A new chapter was added today to the dynasty of the University of Guelph Gryphons women’s cross-country team, while on the men’s side the Université Laval Rouge et Or utilized home field advantage to win its first national title in program history at the 2016 CIS Championship. The races were held on the Plains of Abraham in Quebec City, Saturday.
The Gryphons scooped up the women’s banner for a 12th consecutive year, a streak that originally started back in 2005. It was Guelph’s 13th title in its history, their very first title coming in 1997. As for the Rouge et Or, the men were finally triumphant after coming as close as second back in 2012, and third in the last three consecutive years.
“From the beginning of the season, we said that our objective was to win the national championship, and then, to do so in a manner so convincingly, I am extremely proud of the team, it’s a great moment,” stated Rouge et Or head coach Félix-Antoine Lapointe. “We have been thinking about this for a long time and knew that this was a good moment because we were at home and have several veterans who were giving their all for the team. To end this season with our first victory in program history, it is extraordinary,” added the U Sports coach of the year.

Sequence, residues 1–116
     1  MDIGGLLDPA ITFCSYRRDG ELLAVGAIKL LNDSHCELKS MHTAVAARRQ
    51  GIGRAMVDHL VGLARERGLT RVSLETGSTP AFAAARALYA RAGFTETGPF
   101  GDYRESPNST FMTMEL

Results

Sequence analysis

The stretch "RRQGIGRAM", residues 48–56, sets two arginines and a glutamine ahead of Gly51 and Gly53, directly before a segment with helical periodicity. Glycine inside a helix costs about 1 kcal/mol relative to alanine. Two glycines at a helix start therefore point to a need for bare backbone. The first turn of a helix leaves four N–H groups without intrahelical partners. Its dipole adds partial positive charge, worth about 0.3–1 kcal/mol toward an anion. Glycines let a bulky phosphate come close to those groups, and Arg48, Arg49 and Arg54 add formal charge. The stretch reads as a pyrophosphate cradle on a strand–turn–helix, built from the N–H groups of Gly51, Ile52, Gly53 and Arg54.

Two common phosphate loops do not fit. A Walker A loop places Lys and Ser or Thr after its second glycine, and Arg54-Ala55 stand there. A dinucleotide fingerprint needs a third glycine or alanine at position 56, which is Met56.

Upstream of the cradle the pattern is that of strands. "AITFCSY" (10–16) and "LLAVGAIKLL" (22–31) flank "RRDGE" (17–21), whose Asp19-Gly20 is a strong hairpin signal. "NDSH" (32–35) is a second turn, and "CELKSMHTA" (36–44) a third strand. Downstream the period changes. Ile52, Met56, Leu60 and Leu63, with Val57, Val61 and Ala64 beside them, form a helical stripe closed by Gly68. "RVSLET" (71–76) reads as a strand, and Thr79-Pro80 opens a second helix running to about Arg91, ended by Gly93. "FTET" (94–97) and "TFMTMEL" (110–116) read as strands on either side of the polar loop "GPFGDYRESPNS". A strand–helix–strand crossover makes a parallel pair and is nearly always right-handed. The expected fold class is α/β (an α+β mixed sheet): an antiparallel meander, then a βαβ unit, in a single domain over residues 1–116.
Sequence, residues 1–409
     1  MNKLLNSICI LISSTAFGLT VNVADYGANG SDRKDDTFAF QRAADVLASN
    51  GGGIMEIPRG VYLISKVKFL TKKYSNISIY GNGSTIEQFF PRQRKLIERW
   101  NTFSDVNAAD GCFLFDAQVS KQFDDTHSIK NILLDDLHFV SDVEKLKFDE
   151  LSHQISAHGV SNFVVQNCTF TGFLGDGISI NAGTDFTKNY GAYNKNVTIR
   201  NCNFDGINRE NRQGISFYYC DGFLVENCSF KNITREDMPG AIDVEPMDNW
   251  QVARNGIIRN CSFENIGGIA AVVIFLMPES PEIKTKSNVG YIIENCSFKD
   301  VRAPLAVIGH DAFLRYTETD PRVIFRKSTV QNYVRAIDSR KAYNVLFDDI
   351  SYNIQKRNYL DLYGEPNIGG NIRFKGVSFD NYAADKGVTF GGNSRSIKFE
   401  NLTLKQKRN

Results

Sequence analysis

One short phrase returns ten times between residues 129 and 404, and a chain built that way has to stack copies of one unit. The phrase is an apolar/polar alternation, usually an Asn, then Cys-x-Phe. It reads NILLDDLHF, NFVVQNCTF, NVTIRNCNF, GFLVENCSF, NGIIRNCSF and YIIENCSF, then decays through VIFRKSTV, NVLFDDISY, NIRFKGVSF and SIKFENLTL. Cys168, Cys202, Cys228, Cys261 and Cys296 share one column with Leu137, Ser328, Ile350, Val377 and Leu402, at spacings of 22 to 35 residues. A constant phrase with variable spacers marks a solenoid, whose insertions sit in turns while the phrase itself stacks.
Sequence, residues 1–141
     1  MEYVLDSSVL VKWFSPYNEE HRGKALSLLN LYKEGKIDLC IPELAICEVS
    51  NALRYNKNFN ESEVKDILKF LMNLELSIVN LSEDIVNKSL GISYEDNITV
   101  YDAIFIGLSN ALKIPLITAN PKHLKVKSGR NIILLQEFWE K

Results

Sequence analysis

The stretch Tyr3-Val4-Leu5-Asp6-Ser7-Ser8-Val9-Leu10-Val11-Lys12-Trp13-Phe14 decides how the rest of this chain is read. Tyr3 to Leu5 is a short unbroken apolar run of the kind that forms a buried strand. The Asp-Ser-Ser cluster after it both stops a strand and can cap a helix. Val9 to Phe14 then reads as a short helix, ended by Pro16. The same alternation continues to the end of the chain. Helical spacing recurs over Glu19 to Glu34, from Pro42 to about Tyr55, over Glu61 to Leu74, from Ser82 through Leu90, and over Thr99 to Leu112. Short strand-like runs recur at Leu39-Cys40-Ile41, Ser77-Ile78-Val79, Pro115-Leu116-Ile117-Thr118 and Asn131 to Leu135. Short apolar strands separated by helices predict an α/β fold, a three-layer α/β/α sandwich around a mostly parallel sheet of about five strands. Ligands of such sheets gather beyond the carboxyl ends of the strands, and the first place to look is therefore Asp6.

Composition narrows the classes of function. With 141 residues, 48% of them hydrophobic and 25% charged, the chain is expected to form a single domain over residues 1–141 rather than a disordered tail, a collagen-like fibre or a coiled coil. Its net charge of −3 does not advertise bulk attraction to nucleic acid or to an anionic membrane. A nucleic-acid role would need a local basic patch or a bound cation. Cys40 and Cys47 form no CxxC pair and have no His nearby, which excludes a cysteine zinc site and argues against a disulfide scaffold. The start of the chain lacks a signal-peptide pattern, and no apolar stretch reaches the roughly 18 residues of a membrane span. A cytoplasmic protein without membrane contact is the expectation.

Five Laval student-athletes, who accounted for points in the team standings, finished in the top 20 overall. Leading the way, Yves Sikubwabo, dominated the pack out racing second place by a margin of five seconds, completing the 10 kilometres in a time of 30:51.0. The fourth and fifth place finishes by Antoine Thibeault and Alexandre Ricard also weighed heavily in the Rouge et Or’s first-ever CIS Championship.
With 43 accumulated points, Laval beat Trinity Western (88) and Western (96) on the podium. In the individual results, Yves Sikubwabo finished ahead of Trinity Western’s Declan White (30:56) and Connor Darlington (30:57.9) of McMaster.
On the women’s side the Gryphons narrowly managed to take home the gold, defeating the Queen’s Gaels (70 versus 77). Trinity Western (103) completed the podium finishing third. “The whole league has changed and got better, it’s deeper. This team is as good as any we have ever had,” said Dave Scott-Thomas, head coach of the champion Gryphons. “Back in the day we might have five girls in the top 10. It was seven points, full credit to Queen’s it was a nice piece of running. For us, it was a team effort all the way through.”
Have they gotten used to winning regularly like that?
“No never, it’s fresh every time, it’s our 12th year in a row and it’s just as exciting. They’re jumping around and smiling and it feels pretty new,” explained Scott-Thomas, who was named the women’s head coach of the year.
The Gryphons’ best representative was Katelyn Ayers (21:23.1), who crossed the finish line in third place behind Emma Cook-Clarke (21:15.0) from the University of Calgary and winner Claire Sumner (21:09.3) of Queen’s University.